A family can’t thrive if it’s not dreaming. No dream is off-limits. Create a dream board to accompany the mission statement and place it where others can see it often. Let everyone dream without judgment or ridicule. Feel free to add to it or take items off if they have been accomplished. This will help boost morale and encourage members to keep going when they feel stuck in accomplishing their goals.
Feel free to incorporate small dreams with big dreams. A big dream can be taking a vacation to the place of your dreams or as small as getting a new family pet. The sky’s the limit! It is best to interchange big and small dreams so you can celebrate throughout the year, even if you only achieve the small dreams.
You can also add specific action steps as to how to achieve these dreams. This is where good goal-making skills work best. For example, you may want to make your family’s dream of going to Disney World a reality this year. You can start with the following sentence:
We will make our goal of going to Disney World for vacation this year by:
Saving $2000 by June 1st. We will do this by saving what we have left over after each paycheck and putting it into a savings account. Each child will sacrifice their allowance for six months by doing chores for free. The amount they would earn by doing chores will go into this account. Each child will also look for other jobs to do on the weekends. This will include babysitting for the neighbors’ kids, shoveling the neighbors’ driveways, and helping with elderly church members' yard work. All funds earned from this will go towards the vacation fund.
Share Your Answers
Let each person contribute. This is the fun part of the assignment because this helps establish trust and encourages bonding. Everyone feels they can contribute to the family’s goals and doesn’t feel minimized or ignored because their dreams seem unachievable. It also helps members feel like they are truly being heard. Have each person read their statements aloud. Place the usable portions of each contribution on the board. Combine each person’s contribution and create one statement out of it.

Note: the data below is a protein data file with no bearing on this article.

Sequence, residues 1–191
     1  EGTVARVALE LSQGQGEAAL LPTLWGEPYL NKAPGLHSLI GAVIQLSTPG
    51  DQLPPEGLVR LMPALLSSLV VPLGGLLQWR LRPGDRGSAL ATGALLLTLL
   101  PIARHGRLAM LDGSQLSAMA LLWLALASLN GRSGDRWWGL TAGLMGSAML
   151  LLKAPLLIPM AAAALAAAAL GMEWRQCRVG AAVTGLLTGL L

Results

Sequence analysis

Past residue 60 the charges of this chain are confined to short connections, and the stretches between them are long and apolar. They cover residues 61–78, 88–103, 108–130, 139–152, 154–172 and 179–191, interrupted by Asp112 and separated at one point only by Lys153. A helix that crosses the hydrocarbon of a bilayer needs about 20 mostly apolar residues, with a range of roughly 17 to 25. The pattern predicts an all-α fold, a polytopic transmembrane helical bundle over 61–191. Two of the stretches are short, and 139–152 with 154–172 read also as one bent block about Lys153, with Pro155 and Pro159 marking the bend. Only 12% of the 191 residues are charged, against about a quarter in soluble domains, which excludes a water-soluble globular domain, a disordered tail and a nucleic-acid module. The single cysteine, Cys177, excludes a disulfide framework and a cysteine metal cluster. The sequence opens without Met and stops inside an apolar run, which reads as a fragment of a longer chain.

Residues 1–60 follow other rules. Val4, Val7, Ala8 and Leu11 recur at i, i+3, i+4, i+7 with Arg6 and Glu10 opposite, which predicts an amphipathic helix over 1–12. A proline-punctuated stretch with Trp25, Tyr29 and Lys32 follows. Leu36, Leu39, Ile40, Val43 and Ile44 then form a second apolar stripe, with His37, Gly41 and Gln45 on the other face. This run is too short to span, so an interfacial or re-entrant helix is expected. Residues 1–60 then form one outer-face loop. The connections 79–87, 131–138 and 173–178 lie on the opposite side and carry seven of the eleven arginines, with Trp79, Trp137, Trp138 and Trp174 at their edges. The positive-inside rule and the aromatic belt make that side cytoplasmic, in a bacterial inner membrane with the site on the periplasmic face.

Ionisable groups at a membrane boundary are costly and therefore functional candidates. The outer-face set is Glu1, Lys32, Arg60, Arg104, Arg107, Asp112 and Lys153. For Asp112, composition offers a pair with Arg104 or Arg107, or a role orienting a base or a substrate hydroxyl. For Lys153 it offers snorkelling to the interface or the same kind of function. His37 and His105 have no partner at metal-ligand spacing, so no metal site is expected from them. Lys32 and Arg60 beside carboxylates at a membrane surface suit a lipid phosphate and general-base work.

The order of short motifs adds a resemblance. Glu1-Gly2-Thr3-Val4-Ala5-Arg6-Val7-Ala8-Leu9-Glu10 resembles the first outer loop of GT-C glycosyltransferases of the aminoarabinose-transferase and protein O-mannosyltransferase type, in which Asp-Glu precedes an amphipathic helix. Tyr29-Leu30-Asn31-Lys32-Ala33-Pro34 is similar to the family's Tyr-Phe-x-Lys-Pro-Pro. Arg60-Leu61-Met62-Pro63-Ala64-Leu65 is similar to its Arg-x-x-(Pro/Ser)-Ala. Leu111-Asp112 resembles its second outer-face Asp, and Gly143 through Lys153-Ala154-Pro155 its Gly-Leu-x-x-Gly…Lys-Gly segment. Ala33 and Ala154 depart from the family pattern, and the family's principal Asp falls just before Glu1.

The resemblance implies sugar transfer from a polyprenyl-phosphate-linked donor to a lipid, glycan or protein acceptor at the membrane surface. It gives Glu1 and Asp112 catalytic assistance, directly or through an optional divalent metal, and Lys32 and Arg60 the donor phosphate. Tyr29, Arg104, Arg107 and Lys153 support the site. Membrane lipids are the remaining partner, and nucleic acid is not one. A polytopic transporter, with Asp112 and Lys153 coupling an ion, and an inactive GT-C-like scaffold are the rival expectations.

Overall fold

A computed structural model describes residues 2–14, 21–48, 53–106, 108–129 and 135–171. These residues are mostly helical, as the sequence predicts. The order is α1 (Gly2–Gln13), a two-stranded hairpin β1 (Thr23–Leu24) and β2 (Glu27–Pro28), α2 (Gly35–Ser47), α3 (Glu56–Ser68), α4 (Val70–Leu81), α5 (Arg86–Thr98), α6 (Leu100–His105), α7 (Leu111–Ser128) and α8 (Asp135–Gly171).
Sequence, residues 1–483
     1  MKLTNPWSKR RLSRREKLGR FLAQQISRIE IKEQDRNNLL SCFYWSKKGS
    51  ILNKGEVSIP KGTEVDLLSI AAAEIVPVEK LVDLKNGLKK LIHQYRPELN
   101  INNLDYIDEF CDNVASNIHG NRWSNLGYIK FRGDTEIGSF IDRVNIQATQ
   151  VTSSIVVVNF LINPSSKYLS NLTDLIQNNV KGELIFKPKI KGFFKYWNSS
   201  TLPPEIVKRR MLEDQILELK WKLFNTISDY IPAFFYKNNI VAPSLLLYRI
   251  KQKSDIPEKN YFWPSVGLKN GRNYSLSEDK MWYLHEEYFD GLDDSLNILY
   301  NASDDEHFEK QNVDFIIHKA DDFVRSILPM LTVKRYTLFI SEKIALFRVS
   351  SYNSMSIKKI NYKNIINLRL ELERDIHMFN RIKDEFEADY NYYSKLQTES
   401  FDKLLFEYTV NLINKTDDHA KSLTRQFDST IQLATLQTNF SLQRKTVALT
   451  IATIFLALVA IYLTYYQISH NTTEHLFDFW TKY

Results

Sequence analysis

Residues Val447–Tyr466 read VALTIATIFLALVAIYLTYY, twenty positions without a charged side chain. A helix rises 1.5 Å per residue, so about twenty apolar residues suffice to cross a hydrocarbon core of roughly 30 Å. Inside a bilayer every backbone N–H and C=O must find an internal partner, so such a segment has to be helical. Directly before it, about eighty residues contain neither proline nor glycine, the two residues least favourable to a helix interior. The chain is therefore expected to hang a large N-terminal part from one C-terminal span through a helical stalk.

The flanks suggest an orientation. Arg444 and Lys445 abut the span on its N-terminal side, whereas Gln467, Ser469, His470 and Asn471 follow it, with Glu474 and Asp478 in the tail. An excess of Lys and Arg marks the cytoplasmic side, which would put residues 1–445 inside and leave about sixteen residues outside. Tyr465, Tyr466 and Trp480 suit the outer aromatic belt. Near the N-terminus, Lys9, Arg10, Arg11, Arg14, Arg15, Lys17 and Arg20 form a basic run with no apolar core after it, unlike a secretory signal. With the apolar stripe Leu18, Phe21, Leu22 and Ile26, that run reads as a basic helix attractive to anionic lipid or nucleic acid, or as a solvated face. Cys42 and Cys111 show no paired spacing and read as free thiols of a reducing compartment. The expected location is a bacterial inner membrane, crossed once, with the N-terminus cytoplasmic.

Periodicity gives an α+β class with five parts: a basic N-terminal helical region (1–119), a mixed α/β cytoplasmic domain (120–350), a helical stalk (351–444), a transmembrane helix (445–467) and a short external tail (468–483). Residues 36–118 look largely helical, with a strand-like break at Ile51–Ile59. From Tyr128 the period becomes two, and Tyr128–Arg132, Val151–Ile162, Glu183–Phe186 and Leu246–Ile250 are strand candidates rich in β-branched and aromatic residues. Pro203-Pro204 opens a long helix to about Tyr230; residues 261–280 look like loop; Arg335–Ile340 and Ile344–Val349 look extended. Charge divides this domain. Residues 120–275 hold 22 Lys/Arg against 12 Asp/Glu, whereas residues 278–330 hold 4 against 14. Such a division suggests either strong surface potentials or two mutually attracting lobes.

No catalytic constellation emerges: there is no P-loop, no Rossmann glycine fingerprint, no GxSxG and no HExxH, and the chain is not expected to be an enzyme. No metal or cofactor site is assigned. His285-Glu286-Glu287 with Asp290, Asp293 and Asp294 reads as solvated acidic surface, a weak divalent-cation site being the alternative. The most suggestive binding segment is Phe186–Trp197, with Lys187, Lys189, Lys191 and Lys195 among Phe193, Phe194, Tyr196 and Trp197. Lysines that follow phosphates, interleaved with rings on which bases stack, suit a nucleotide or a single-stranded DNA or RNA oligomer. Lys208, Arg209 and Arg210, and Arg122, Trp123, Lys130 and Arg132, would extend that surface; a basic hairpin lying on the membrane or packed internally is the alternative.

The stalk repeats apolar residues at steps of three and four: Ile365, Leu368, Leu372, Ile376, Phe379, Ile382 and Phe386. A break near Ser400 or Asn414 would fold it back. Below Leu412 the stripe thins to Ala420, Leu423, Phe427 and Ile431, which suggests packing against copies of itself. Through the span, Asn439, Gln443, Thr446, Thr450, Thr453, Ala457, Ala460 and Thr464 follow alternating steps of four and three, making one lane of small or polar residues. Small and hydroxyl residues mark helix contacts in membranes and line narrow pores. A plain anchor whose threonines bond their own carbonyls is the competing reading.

The vision board can include whatever goals you’d like to include. Here are some suggestions to get you started:
Quality time goals
Recreational activity goals
Feel free to add more. Make sure to make sure these are SMART:
Don’t add any goal to the board that would be mathematically impossible to complete by the end of 2023. This will set you up for failure. Additionally, while hustle may be involved to accomplish your goals, don’t get too down if you can’t achieve some (or all) of your goals. It is not about the quantity but rather about the ability to move forward and make progress and not allow your life to grow stagnant.
Vision boards are a fun, exciting way to start off the new year. By starting with these suggestions above, you and your family will use your imaginations to create a tangible expression of the vision for your family and tangible action steps to achieve those goals. If you are putting God at the center and yielding your family’s life to his will, you will never run out of fantastic opportunities God gives you, not only this year but in the years to come.
Photo Credit: ©Getty Images/monkeybusinessimages
Michelle S. Lazurek is a multi-genre award-winning author, speaker, pastor's wife, and mother. She is a literary agent for Wordwise Media Services and a certified writing coach. Her new children’s book Who God Wants Me to Be encourages girls to discover God’s plan for their careers. When not working, she enjoys sipping a Starbucks latte, collecting 80s memorabilia, and spending time with her family and her crazy dog. For more info, please visit her website www.michellelazurek.